Bill that eases tax on elderly dies in House

The legislation would have increased the amount of their homestead exemption.
By Bobby Harrison
Daily Journal Jackson Bureau
JACKSON – Legislation designed to provide some elderly and disabled a break on their property taxes died Tuesday.
House Ways and Means Chairman Percy Watson, D-Hattiesburg, opted not to take up the legislation passed by the Senate. Lt Gov. Phil Bryant was one of the main proponents of the proposal.
Watson said he had too many questions about the complex local tax issue to pass it at this point. Tuesday was the deadline for the legislation to be passed by the Ways and Means Committee.
The committee met Tuesday afternoon on another issue, and some members asked Watson if he was going to take up the proposal. Members wanting him to consider the issue before Tuesday’s deadline tried to keep him from adjourning the committee, but failed on a 12-6 vote.
“It is a shame the House Democratic leadership killed legislation aimed at helping our seniors,” Bryant said in a prepared statement. “The increase in homestead exemption would have eased the burden of higher taxes on many of our seniors and disabled who are on fixed incomes.”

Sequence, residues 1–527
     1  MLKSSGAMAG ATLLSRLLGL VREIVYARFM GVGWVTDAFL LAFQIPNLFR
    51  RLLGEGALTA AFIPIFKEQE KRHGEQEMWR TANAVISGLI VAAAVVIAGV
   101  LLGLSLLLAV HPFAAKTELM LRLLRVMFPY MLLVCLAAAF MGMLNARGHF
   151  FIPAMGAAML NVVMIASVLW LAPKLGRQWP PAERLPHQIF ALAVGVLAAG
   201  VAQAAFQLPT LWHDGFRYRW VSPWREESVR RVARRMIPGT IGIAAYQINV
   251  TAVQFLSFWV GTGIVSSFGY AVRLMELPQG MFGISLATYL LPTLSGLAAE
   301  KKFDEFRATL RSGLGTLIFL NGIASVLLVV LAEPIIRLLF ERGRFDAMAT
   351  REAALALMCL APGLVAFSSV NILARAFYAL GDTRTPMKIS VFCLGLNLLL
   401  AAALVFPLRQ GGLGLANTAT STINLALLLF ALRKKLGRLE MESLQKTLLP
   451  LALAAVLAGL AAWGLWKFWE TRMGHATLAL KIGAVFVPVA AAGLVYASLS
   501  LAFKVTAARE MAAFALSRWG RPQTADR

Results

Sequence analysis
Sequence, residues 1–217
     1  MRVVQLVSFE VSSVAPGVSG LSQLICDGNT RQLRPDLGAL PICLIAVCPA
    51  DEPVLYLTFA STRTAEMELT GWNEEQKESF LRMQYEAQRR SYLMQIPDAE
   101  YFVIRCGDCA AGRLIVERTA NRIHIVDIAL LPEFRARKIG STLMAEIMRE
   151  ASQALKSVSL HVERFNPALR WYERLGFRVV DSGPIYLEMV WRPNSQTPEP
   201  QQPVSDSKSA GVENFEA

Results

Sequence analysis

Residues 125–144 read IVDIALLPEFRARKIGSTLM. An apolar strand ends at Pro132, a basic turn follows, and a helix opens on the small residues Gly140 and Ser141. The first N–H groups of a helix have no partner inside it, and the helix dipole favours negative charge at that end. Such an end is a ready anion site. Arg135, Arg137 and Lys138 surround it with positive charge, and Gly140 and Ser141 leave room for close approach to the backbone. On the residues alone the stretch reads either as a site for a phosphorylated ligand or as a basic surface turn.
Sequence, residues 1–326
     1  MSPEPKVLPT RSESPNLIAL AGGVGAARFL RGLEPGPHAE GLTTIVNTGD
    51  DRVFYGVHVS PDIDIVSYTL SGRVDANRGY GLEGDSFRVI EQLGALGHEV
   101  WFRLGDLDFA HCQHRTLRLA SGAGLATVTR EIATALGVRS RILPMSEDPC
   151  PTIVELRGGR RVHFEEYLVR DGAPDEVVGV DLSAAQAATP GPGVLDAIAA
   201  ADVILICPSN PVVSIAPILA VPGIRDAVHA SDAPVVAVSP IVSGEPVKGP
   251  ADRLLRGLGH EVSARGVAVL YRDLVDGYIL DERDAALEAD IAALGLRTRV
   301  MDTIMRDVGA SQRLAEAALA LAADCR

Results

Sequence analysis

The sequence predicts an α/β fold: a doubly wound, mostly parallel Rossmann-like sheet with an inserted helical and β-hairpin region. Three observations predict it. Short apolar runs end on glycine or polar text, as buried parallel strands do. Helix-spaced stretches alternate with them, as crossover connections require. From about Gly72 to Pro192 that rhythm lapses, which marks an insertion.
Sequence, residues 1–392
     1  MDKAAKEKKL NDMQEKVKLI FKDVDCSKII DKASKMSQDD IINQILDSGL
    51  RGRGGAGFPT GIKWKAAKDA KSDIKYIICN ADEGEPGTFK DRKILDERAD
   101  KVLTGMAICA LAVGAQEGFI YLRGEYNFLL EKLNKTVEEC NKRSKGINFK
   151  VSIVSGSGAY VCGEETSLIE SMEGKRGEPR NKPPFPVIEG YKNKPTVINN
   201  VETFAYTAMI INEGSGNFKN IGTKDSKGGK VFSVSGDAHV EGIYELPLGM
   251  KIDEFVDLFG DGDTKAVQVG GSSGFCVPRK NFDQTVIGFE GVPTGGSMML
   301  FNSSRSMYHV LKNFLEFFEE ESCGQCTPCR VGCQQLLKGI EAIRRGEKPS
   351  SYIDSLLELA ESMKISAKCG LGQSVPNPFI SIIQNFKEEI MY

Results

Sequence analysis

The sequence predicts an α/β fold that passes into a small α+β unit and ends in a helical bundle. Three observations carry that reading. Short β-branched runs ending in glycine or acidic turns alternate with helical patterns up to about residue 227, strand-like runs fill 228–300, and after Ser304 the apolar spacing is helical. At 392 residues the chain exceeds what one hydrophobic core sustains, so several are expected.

Watson did not rule out the possibility of supporting a rules suspension – which would require a two-thirds vote – to revive the issue later in the process if he is able to glean more information. But many members expressed concern that while the legislation would provide tax relief for some elderly property owners, it might result in a tax increase for many others to make up for local governments’ lost revenue.
“It will be a shift” in taxes, said Derrick Surrette, executive director of the Mississippi Association of Supervisors.
The legislation, as passed by the Senate, would exempt those over 65 and the disabled from taxes on the first $100,000 of their property, as opposed to the current $75,000 level. Under the bill, an elderly person who owns a $150,000 home would have to pay taxes on only $50,000.
The bill was championed after many counties, including Lee, conducted mandatory property reappraisals and property values went up.
Rep. Jerry Turner, R-Baldwyn, said he supported the legislation because reappraisal caused home values of many elderly residents to exceed $75,000 for the first time, resulting in them having to pay property taxes.

 

Bobby Harrison